Vadim was a medical instructor before he lost his hands and legs in battle in Debaltseve. His story is an inspiring example of the power of the will to live. Vadim and his wife are expecting a second child, and he is preparing to be able to bring his wife home from the hospital maternity ward. He is also doing all that he can to be able to hold his new baby.
The medic will never forget the longest three days of his life, without food, water or medical help, in freezing cold temperatures. Vadim was injured in a mine explosion as he was transporting wounded soldiers from the battlefield of the Debaltseve pocket to a hospital. Everyone but Vadim actually froze to death. He managed to survive by eating snow and foraging for food. He forced himself to stop thinking about death and keep moving. He was eventually found and captured by DNR [self-proclaimed “Donetsk People’s Republic”–Ed.] terrorists. He was returned to Ukraine in a prisoner exchange, where he learned all his limbs would have to be amputated. However, this wasn’t a death sentence for Vadim.[quote style=”boxed”]I waited for prosthetic limbs like it was the best gift in my life.[/quote]
Today the 42-year old Kyivan resident enthusiastically undergoes daily rehabilitation and trains to use his prosthetics. Vadim isn’t yet able to live independently, but he is actively trying to, because he doesn’t want to be a burden to anyone.
“I waited for prosthetic limbs like it was the best gift in my life,” Vadim exclaims. “Losing my limbs was very hard psychologically. The first thing any person losing a limb wants is to be shot. You don’t want your family to see you in this state. Unfortunately, our country lacks qualified military psychiatrists who could help us cope with this stress. Did I despair?.. Naturally. But I knew I would walk again. I just felt that I didn’t have the right to be down, because I would soon be a father for a second time. That means I have a wife and children to support.”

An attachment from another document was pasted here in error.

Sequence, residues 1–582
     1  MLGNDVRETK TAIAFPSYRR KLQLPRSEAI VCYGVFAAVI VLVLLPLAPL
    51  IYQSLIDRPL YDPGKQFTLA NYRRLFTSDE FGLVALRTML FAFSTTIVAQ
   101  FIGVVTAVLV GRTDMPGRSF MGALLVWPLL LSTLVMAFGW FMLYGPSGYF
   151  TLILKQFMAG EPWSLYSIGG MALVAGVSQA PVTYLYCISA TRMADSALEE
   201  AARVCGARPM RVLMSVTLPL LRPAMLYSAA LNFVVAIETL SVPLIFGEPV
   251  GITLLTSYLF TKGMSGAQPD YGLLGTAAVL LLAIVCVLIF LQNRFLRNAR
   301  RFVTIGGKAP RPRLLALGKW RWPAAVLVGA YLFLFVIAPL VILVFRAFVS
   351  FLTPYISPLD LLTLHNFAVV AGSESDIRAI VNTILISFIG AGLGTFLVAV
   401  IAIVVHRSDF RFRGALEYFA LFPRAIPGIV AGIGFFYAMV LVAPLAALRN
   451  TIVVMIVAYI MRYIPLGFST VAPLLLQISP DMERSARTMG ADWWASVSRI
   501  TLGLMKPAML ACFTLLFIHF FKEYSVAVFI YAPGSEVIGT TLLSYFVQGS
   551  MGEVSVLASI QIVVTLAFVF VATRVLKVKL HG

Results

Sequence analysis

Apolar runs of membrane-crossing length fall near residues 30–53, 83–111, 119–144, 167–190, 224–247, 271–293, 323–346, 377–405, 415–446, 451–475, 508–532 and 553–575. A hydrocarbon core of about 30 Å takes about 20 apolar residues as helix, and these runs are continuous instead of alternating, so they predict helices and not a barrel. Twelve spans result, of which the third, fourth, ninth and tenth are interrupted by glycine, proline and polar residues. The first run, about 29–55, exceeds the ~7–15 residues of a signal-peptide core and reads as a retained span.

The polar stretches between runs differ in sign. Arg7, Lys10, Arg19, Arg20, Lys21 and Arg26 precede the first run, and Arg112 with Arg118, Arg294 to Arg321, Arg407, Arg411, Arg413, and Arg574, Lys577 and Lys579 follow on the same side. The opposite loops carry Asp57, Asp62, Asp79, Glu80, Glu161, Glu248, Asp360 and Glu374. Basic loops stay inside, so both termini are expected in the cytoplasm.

It took several days before Vadim regained consciousness after the amputation. Mostly he just stayed silent, unwilling to see anyone. His wife and friends kept him from sliding into despair. They managed to find the words that the soldier needed so desperately. They didn’t just console him, but reassured him that life would go on.
“I am deeply grateful to doctor Vyacheslav Nazarenko who performed the operation without the need for additional surgeries. This is very important. I then got my “new legs” from the state. I received my “hands” from Ukrainians who live in Spain. They sent the prosthetic devices and medical engineers in Kyiv assembled them for me. You can’t imagine how much I want not to be a burden for my wife. This is why I’m ready to master any devices I have to.[quote style=”boxed”]I feel like an athlete.[/quote]
Vadim not only walks on his new prosthetics, he also dances: he can circle his knees and even does sidesteps… The only thing left to master is going up and down stairs. But, given his enthusiastic attitude, no one doubts this man will make it.
“I feel like an athlete: every day I do my training. Each morning I start with exercises. I need my abs, back and hips to be strong enough to hold my body upright. Even though I used to play sports all my life, after losing my limbs, I could barely manage to do 10 sit-ups. I have my own battle front right here….”
The man jokes that the only thing that disturbs him is that he became taller. Before the tragedy he was 8 centimeters shorter than he is now.
“With the prosthetics, my height is 190 centimeters. That’s somewhat unusual for me. However, prosthetics engineers promise they can rectify this. Then everything will be OK. Naturally, the prosthetics will have to be replaced after a while, because my legs will become thinner from walking. I hope I’ll be able to get more functional prosthetics later. I really want to become an independent person so that I can work and help my family. The thing I value the most now is human life![quote style=”boxed”]They said: ‘We need you.’ So I went.[/quote]